Meet the Committee

Jonathan Goldstein

How did you get started and what advice would you give to a composer starting out now?

Coming from a theatre background I had no video reel to speak of so I sent an audio cassette (wot, granddad?) to every ad agency in the land in the hope that the music would speak for itself. Lo and behold, a sympathetic Head of TV took me on for a pitch. If there's a lesson there I guess it's to believe in your own musical voice, away from visuals; you are a composer after all!

What was your first job?

Thomson Holidays, 'Deja Vu'.
What ads are you most proud of?

It would have to be the NSPCC 'Cartoon' campaign which was one the hardest but most rewarding jobs I've done.  After that, probably the UBS 'You and Us' campaigns which have gone all over the world and actually generate fanmail! We work in a bubble so much of the time, it's very rewarding when you discover you've struck a chord (no pun intended) with so many people.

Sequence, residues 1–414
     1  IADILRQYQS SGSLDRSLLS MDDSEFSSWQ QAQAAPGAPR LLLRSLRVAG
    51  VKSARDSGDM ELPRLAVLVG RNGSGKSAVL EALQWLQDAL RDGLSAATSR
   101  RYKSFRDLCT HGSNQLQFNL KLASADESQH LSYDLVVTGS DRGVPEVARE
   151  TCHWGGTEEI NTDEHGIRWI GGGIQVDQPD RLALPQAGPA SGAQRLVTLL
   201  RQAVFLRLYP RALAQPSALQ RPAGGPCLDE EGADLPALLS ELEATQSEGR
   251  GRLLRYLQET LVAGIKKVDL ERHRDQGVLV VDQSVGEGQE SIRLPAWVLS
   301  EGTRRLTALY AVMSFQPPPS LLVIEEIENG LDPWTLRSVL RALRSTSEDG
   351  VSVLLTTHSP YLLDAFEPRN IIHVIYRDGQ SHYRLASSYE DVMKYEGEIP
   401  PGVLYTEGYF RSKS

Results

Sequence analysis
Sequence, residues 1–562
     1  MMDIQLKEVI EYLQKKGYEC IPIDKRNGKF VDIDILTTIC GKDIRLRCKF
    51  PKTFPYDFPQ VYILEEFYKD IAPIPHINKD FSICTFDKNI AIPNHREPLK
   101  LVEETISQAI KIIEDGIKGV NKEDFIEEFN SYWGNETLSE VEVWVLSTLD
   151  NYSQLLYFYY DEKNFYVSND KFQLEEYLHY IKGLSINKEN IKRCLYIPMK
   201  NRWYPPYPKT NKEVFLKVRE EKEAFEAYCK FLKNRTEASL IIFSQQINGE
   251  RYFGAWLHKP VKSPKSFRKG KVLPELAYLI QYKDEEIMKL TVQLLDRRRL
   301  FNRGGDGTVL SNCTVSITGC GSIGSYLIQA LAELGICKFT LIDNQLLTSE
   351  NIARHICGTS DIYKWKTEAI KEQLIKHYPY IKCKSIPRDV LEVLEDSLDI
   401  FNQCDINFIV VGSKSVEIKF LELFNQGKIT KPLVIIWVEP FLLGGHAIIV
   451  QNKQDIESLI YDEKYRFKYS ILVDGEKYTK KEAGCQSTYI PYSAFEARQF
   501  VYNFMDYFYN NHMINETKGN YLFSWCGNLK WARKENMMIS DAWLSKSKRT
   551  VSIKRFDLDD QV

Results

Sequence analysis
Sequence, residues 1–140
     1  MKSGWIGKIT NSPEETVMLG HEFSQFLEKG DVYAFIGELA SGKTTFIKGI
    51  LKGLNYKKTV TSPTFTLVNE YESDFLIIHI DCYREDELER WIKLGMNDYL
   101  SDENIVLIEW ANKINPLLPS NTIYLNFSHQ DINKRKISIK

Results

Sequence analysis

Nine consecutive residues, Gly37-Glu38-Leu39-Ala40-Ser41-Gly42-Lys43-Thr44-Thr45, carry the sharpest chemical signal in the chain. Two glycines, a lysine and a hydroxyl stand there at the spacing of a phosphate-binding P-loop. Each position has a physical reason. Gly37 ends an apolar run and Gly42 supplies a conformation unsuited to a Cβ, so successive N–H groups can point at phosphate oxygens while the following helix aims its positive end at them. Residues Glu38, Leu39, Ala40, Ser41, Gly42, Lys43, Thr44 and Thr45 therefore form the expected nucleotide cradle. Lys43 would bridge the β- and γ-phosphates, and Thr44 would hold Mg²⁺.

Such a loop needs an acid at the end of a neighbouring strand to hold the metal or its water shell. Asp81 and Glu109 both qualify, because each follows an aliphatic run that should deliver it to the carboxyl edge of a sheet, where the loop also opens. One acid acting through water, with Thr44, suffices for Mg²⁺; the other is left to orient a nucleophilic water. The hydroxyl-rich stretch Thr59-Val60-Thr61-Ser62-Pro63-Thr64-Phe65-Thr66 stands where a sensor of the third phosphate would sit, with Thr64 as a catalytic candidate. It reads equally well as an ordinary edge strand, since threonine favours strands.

What's your training and what training do you need these days?

I studied music at university but frankly you don't need any training at all these days - just ability. Technology has taken away so much of the drudgery and specialist knowledge, the only thing really stopping us now is our imagination - and no-one can teach us how to use that.

How do you put a price on your work?

A combination of good sense and the PCAM guidelines to which all IPA-approved agencies now have access.

Would you ever work for free?

No, unless it were for Spielberg or Coppola perhaps (though ironically they would probably pay!). I tend to agree with my esteemed colleague Augusta who says working for free is something you do if an elderly neighbour has fallen downstairs and can't get out to the shops. Music is not a charity and in an age of free downloads and rights-grabbing it has never been a more important time to value what you do. Demos, in particular, are finished pieces, not just sketches, and as such should be paid for. 

What software do you use and what's your favourite piece of kit? 

Logic is at the centre of my world together with Kontakt and Sibelius plus my trusty antique Neumann U47 FET mic (makes everything sound good) and a wonderful Universal Audio LA-610 preamp.

What single thing do you wish you had known when you started out?

That Gigastudio would have folded so I could have made the switch to Mac yonks ago!